Youth give their views

Nabihah Ahmed and Takudzwa Gwara arrived in Australia at different times but last week they decided to do one thing they hoped would change their lives as well as the future of young people like them who came from a multicultural background.

Nabihah and Takudzwa, who prefers to be called TK, took part in Australia’s first ever national census of young people from migrant and refugee backgrounds an ambitious project that aims to encourage a total of 10,000 youth to participate.

Sixteen-year-old Nabihah arrived in Australia as a seven-year-old from Pakistan, and TK moved to the country from South Africa about 11 months ago.

The online census a collaboration between University of Melbourne and eight youth organisations including the Centre for Multicultural Youth and government agencies aims to study issues affecting young migrants and refugees and learn how they are faring in Australian life.

With multicultural young people making up a fourth of all Australian youth, results of the survey would be used to produce the country’s first annual report on the status of young people from culturally and linguistically diverse backgrounds.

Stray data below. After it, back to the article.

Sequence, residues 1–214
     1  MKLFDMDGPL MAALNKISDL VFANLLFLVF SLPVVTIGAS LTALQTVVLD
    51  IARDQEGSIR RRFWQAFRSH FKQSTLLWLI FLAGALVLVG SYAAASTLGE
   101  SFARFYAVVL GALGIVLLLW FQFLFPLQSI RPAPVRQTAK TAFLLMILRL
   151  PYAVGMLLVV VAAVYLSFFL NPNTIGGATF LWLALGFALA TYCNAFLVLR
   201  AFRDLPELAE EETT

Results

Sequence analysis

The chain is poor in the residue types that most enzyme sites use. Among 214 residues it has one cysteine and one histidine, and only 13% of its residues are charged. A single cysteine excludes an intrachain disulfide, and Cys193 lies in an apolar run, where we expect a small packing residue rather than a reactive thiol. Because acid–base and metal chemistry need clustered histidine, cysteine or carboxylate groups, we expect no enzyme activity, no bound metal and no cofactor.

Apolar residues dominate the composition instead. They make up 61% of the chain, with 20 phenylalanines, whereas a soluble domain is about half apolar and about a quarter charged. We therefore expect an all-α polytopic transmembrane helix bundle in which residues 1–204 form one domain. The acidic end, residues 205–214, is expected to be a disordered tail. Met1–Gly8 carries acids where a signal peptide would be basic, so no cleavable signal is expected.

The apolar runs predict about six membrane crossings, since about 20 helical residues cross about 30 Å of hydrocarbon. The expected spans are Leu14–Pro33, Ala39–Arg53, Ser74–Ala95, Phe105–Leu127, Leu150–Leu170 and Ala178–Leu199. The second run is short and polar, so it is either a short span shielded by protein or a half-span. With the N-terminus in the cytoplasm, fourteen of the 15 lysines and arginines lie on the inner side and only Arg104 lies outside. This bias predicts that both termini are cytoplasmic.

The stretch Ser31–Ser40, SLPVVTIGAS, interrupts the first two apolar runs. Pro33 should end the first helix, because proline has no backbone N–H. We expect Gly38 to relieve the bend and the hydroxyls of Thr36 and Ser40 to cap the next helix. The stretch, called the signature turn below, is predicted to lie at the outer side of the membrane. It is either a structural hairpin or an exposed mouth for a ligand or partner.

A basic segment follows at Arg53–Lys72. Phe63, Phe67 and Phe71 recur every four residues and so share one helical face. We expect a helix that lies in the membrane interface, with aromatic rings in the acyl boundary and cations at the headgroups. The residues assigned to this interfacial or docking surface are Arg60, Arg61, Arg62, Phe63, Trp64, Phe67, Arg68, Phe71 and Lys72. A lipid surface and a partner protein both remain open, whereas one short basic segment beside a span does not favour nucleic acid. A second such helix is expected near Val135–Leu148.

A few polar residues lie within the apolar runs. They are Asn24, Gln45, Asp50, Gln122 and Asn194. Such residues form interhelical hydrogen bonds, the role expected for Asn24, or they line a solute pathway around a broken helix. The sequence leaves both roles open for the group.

Nabihah said she found the questions in the survey relevant as they were experienced by culturally and linguistically diverse youth like herself.

She said the fear of being judged based on appearance was one major issue multicultural young people faced living in Australia.

“It is difficult, but I feel like through friends and just talking about how [I’m] feeling assists in my being able to deal with it,” the grade 10 Trafalgar High School student said.

TK said he never felt discriminated upon but was having difficulty landing a job for almost a year now.

“Unemployment could be a major issue because teenagers could not find jobs and are going the wrong pathway because of [it],” the Traralgon College student said.

The survey is open to multicultural young people between 15 and 25 and can be found at